The most common treatment for breast cancer, surgery includes lumpectomy to remove just the tumour and a small margin of surrounding healthy tissue, or mastectomy - whereby the entire breast is removed. Lumpectomy is typically recommended for removing smaller tumours, while a mastectomy is recommended when the cancer is found in various parts of the breast. Surgery is also performed to remove lymph nodes.
This involves the use of drugs - administered orally or intravenously in cycles - to destroy fast-growing cancer cells. Patients with larger tumours may undergo chemotherapy before surgery to shrink a tumour so that it can be removed with a lumpectomy procedure. Chemotherapy is usually recommended to patients whose cancer has spread to other parts of the body, or those whose cancer has a high risk of returning or spreading. Due to the fact that it can also damage healthy cells, the treatment’s temporary side effects include hair loss, nausea, vomitting, fatigue and increased susceptibility to infections.
Radiation therapy (radiotherapy)
This kills cancer cells by aiming high-powered beams of energy, such as x-rays and protons, at the breast using a large machine. A common treatment schedule may involve daily radiation treatment for about five to six weeks. The treatment is commonly used after a lumpectomy, while doctors may recommend it for mastectomy patients whose cancer has spread to the lymph nodes. Side effects include fatigue and a rash.
Used to treat breast cancers that are sensitive to hormones known as estrogen receptor positive (ER positive) and progesterone receptor positive (PR positive) cancers, this prevents the growth of cancer cells by depriving them of hormones. Hormone therapy can include medications to alter the way hormones work or stop the body from producing estrogen, as well as surgery to remove ovaries that produce female hormones. It can be used before or after surgery or other treatments, and may include side-effects such as hot flashes, night sweats and vaginal dryness.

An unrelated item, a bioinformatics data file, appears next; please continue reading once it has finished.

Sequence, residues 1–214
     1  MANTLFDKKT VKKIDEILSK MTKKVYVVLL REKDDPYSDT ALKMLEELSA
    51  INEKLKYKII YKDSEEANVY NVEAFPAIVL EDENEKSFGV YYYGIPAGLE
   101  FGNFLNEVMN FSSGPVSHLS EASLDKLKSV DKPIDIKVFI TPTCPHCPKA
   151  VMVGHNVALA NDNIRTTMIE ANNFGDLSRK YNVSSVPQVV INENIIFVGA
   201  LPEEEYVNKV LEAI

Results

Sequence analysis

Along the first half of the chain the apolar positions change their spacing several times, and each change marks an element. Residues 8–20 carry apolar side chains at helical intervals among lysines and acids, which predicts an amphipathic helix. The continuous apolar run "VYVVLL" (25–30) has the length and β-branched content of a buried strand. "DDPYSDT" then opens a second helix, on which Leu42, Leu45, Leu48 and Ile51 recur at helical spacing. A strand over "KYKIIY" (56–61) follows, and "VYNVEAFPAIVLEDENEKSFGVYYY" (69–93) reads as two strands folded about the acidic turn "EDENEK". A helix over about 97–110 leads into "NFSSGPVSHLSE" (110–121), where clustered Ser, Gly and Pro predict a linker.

This uses drug treatments that attack specific abnormalities within or on the surface of cancer cells. It is an active and highly promising area of research. Targeted therapies have been approved to treat breast cancer since 1998 and the field continues to grow. Recently, several targeted therapies such as PARP inhibitors and Antibody-Drug Conjugates (ADCs) have also entered the landscape of options. These drugs have offered hope to some patients who may have breast cancer that falls under the category of Triple Negative Breast Cancers (ER/PR and Her2 negative) – a group of breast cancers that are generally harder to treat.
One of the most rapidly developing and exciting fields of cancer treatment, immunotherapy stimulates your immune system to fight cancer. The treatment disrupts the process whereby cancer cells produce proteins that blind the immune system cells, thus compromising their ability to fight cancer.
Though still in its nascent stages, immunotherapy holds tremendous potential for the treatment of breast cancer, with recent breakthrough studies demonstrating its improved clinical outcomes for subsets of breast cancer. For instance, the Impassion 130 study, led by Professor Peter Schmid, clinical director of St Bartholomew’s Hospital’s Breast Cancer Centre in London, showed that combining chemotherapy with an immunotherapy drug Atezolizumab can help extend the lifespan of triple-negative breast cancer patients afflicted with the aggressive and difficult to treat cancer.
The global study included patients from Singapore, and was first reported in 2018. The following year, the United States’ Federal Drug Authority approved the combination of the aforementioned drug with chemotherapy for the treatment of triple-negative, metastatic breast cancer in selected patients. Meanwhile, other extensive clinical trials related to treating breast cancer with immunotherapy are ongoing.